2014-10-03 012

2014-10-03 013

Then, I brushed a little extra Irish cream over the top, letting it sink into the top layer of cake. It was probably just a bit less than 1/4 cup, but who keeps track of these things? Just keep going until the top crust is saturated. Then, let the cake sit for just a little while longer, like about 30-45 minutes.

2014-10-03 014

That Irish cream layer will soak in and harden a little bit, giving the cake a sort of “shellacked” outer layer. Ideally, it won’t be sticky or too moist, just sort of thick and glossy.

2014-10-03 024

2014-10-03 029

Now, sprinkle the top with a thin layer of powdered sugar. I debated going crazy and concocting some sort of Irish cream icing or frosting, but this cake is so moist and flavorful that you really don’t want to overpower it.

2014-10-03 046

And you’re done!

Slice into that glorious cake and take a bite. I’ll wait.

2014-10-03 051

It’s so good, right? It tastes like warm pumpkin pie, like whiskey and spices on a cold day. Dan took one bite and said, “I think I’m going to get drunk.” Hence the name: Drunken Pumpkin Bundt Cake.

2014-10-03 060

Go out and make one (and just keep it in the oven a little longer than I did) in order to bring instant pumpkin spice sass to any party or just to warm up a chilly fall night. You will be glad that you did.

Toasted Coconut Brownie Ice Cream. Need I say more?

2014-04-18 002

There were a few days last week when it really felt like spring here in New Orleans. Dare I even say summer? All I know is that I saw a lot of shorts and sandals for a little while, which got me thinking of ice cream. Honestly, it doesn’t take much to get me thinking of ice cream.

2014-04-16 054

The day that I ended up making ice cream, however, ended up being the day when a cold front swept through, dumping tons of freezing rain on all of those people in their shorts and sandals. I chose to soldier on, ignoring the weather and rejoicing in my tiny amount of free time.

2014-04-16 042

2014-04-16 053

I ended up taking my own advice and toasting up some coconut to go into my coconut milk base. It was definitely the right way to go.

2014-04-16 046

I had made some brownies (the always delicious Moosewood Fudge Brownies, this time without the chocolate chips and with pecans instead of walnuts because there were no walnuts to be found in my house) earlier that week, and the last two brownies were just sitting there on the counter, feeling lonely. What else could I do but chop them up and throw them in there? It was just the right thing to do. Toasted Coconut Brownie Ice Cream. I just couldn’t resist.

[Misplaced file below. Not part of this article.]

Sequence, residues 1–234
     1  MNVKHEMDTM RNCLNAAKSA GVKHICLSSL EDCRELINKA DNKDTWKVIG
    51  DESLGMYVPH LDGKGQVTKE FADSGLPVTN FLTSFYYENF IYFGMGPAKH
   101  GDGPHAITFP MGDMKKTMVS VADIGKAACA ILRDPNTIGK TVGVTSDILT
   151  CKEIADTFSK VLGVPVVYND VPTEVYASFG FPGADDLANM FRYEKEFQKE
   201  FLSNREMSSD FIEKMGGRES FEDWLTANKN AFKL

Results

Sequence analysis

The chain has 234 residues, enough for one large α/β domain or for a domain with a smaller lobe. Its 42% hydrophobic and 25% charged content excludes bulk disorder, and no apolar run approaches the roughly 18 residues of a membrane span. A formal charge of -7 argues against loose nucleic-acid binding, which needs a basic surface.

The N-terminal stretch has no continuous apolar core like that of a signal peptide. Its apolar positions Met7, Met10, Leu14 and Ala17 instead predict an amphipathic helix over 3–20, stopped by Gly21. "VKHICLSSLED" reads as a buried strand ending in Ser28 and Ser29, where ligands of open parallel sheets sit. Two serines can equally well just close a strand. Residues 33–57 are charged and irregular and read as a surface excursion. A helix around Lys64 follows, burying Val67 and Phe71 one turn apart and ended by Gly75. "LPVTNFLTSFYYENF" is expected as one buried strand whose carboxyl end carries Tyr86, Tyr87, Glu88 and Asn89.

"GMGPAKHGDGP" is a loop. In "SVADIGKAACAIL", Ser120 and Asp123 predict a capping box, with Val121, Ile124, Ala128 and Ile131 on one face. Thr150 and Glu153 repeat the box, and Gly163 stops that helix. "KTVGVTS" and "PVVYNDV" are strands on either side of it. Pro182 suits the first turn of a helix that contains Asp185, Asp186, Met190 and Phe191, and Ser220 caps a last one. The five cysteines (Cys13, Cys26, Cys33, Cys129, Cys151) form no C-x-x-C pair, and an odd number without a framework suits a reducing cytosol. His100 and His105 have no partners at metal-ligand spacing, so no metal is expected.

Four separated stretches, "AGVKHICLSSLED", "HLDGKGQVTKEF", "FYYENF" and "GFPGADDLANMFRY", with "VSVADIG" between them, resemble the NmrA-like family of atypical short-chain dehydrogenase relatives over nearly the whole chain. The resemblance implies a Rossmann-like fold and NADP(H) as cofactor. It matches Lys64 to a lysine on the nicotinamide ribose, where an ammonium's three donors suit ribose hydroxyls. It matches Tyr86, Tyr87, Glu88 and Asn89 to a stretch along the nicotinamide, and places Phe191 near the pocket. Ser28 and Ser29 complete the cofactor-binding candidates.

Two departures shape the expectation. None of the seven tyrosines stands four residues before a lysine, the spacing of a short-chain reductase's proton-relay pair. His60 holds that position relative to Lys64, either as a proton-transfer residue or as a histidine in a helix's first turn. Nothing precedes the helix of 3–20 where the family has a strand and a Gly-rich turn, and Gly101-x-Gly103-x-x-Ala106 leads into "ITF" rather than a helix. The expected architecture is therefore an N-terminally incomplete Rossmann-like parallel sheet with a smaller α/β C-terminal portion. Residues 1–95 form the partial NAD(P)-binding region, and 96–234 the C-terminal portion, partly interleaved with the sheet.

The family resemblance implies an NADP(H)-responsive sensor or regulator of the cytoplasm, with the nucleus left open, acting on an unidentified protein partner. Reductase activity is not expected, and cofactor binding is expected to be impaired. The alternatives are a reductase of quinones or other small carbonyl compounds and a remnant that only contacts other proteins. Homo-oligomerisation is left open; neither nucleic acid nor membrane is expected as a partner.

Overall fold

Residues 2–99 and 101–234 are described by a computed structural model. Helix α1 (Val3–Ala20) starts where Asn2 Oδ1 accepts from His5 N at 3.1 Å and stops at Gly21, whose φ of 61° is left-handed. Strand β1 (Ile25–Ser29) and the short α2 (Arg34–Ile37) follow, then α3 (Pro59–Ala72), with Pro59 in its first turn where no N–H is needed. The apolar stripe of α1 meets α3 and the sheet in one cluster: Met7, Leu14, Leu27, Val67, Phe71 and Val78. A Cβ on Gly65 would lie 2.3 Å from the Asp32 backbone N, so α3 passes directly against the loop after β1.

Toasted Coconut Brownie Ice Cream
adapted from the Hungry Mouse‘s 3-Ingredient Coconut Ice Cream

Ingredients:
2 13 oz. cans of coconut milk (for some reason, the only ones I could find this time were 13.5 oz. each, but I don’t think it caused any problems)
1 3/4 cups sugar
2 tsp. vanilla
1/2 cup shredded sweetened coconut (or unsweetened, or flaked, whatever you want)
2 1/2 leftover brownies (Whatever your favorite brownie recipe is. You already know mine. I usually cut up my 8×8 baking dish into 9 pieces, so each square of brownie is somewhere around 2.5″ square.)

Directions:
Toast your coconut by spreading it in a thin layer on a baking sheet and putting it into a preheated 350 degree oven for 5-10 minutes. Be sure to watch it closely and stir it often, because it browns up really quick. I only needed 5 1/2 minutes. Chop up 2 of your brownies into little brownie cubes, and then leave the 1/2 brownie to the side for crumbling.

2014-04-16 062

Dump your coconut milk (being sure to avoid spraying coconut milk all over yourself and the kitchen counter, like I did), sugar, and vanilla into a large food processor.

2014-04-16 056

2014-04-16 058

Doesn’t that look a little bit like miso soup? It’s weird. Blend things up until they appear more presentable.

2014-04-16 061

Pour your coconut milk base into your prepared ice cream maker and process according to the manufacturer’s recommendations. You’ll only have to process it for about 30-40 minutes total.

2014-04-16 064

Add the toasted coconut and crumble up that remaining 1/2 brownie piece into the ice cream base when you only have 10-15 minutes left to go on the processing so that they are well-distributed.

2014-04-16 065

While you’re waiting for the rest of the spinning time, put some brownie cubes in your waiting ice cream container. This is how Jeni makes her delicious chunky ice creams, so we are taking a page from her. She is a genius.

2014-04-16 070

When the ice cream is done spinning up, pour a little bit over those brownie pieces, and then put some more brownies on top.

2014-04-16 071

Repeat.

2014-04-16 072

Until there’s no more brownies or ice cream. I made sure to cover the entire thing with a layer of the coconut ice cream base so that the brownies were totally submerged, just to avoid those brownie chunks drying out. Cover the top of the ice cream with a piece of parchment paper and then put on that airtight lid. Allow the ice cream to freeze for at least 8 hours, but overnight is best.

2014-04-16 099

We did end up trying some that night, after 8 hours of freezing, and there was still a bit of graininess to the texture. However, this had completely disappeared by the next day. It’s definitely worth the wait.

2014-04-18 004

The sweetest of the coconut and the richness of the brownies and pecans work really well together, I believe. Dan declared this the best ice cream I’ve made so far. That’s saying something.